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39

"Sea" versus "lake" versus "just part of the ocean" is a bit fuzzy, but there are two things that are universal about seas: They are saline. They are either endorheic or have a sea-level (tidally-influenced) connection to the ocean. Now, let's see how the Great Lakes look under these criteria. Saline? No, salinity is 0, give or take measurement error. ...


10

When the flow of water in a river accelerates, it can pick up more sediment from the river bed and transport it downstream. Alternatively, when the flow slows down, the transport capacity drops and the sediments suspended are deposited on the river bed. When a river goes into a lake, it transitions from the fast-flowing regime in the river to a very slow ...


8

From a geological point of view, the two are very different. The Caspian Sea is thought to be the remnant of an ocean that got cut off from the ocean system (similar to how the Mediterranean might have been periodically cut off and re-connected to the oceans) due to tectonic uplift and a drop in sea levels. The Black Sea was part of the same ocean, but has ...


7

I think there is some misunderstanding of the water balance of a lake, or to put it differently, why some holes in the ground are dry while some are filled with water (known as lakes). The linked articles contain lists of closed lakes, but I'll also try to explain how lakes are formed. Fresh water comes from the rainfall (and snow and moisture) that falls ...


3

The visibility or "clearness" is more a matter of suspended particulates, and organic material such as algae, than of dissolved material. For instance, runoff from glacial streams can be nearly opaque due to suspended rock flour, yet "pure" in the common sense of not having much in the way of algae &c. Conversely, some parts of the oceans can be very ...


3

My guess is that since ice (and the liquid water underneath it) is much better at absorbing thermal radiation than air, then even if the air temperature is below zero, the ice can heat up in the sun and melt a little bit. It will presumably then refreeze at night when there is no sun to keep it warm. This was probably also happening on the surface of the ...


2

Other answers have suggested some ways of classifying things into seas or lakes, which are good guides, but inevitably there are exceptions to all of them. Ultimately, the difference is not an oceanographic or hydrological one, but a semantic and cultural one. The names bodies of water have are historical, so what they are called is down to what somebody ...


2

An article here says 4 meters. (No statistical data however, just a general information page) Waves on Lake Baikal may reach a height of 4 meters. Sometimes they evaluated as 5 and even 6 meters, but it is most likely an estimation “by eye”, which has a large error. Height of 4 meters obtained by instrumental measurements on the high seas. Another ...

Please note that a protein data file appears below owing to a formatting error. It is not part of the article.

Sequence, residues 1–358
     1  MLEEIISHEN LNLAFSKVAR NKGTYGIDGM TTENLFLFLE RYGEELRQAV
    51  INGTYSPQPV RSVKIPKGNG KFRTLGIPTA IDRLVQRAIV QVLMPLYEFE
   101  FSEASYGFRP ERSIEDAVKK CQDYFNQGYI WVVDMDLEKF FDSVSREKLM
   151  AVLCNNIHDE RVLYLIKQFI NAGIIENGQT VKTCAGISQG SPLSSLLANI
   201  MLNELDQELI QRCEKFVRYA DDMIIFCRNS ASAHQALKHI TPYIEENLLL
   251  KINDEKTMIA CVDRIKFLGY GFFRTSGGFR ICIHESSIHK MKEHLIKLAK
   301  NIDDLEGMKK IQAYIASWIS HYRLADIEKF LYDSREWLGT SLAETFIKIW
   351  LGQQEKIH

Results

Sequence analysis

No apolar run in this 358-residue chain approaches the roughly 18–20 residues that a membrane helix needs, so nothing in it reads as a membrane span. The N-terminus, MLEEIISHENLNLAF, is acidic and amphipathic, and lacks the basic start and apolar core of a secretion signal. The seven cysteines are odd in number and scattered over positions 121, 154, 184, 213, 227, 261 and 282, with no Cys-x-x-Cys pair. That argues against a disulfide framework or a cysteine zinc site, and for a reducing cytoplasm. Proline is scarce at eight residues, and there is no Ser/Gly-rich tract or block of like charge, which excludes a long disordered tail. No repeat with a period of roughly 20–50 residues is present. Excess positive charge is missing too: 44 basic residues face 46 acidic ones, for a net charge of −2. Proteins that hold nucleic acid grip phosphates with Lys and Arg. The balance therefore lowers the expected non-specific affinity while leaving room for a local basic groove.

2

The lake is very clean and pure by the standards of some other lakes, but there are bound to be some harmless and beneficial impurities in there. The plants couldn't grow unless there was plenty of CO2 in the water, and it follows there is also oxygen. Nitrogen is dissolved from the air and nitrogen oxides are brought in by the rain. I would be very ...


2

I believe the lake shown in the YouTube video Adventure Oregon - Lost Lake draining into a giant hole is the exact same lake. That is incorrect, and that incorrect hypothesis resulted in a lot of incorrect reasoning. These are not the same lake. They are however close to one another. I apologize for being so harsh. Lost Lake is a shallow, transient lake ...


1

Obviously removing the silt will increase the erosion along the banks of the pond(the neighbors will probably not like this). It sounds to me like this pond is badly constructed if the erosion is eating away peoples property. the best option might be to fill in the area and use it for something else,a park-playground or simply let it become a wetland with ...


1

Cut a notch into the dam so the water drains to the level you want. The marsh will shrink to a smaller size.


1

That is what lakes and ponds do , fill with silt. Serious earth moving equipment is needed to slow Mother Nature. Our community has recently removed some silt with draglines, bulldozers , trucks , etc. I don't know the cost but certainly significant . They concentrated on certain areas to facilitate flow as we have a dammed stream that made roughly a 300 and ...


1

From the link provided by Keith McClary, the Aral had a salinity of about 1% and a max depth of 69 m. (Could not find average depth in the article.) The Caspian Sea, on the other hand, has a salinity of about 1.2%, max depth of 1,025 m, and average depth of 211 m. I think this is enough information to say that the Aral was not just a smaller version of the ...


1

Ecosystem benefits of submerged trees include providing growth locations and nutrients for algae, phytoplankton, molusks, and other organisms. They can provide, not only protection for fauna, but shading for refuge from heat. They can increase eddies and areas of low flow that can be beneficial for fish and other fauna. Some species take advantage of pools ...


1

Depending on the fauna within the rivers and lakes, submerged trees can be like reefs in oceans. They provide protection for fish and other fauna and they can also act as nurseries for certain types of fish. Submerged trees can sometimes be snags in waterways which increases the difficulty in navigating waterways, particularly for larger boats.


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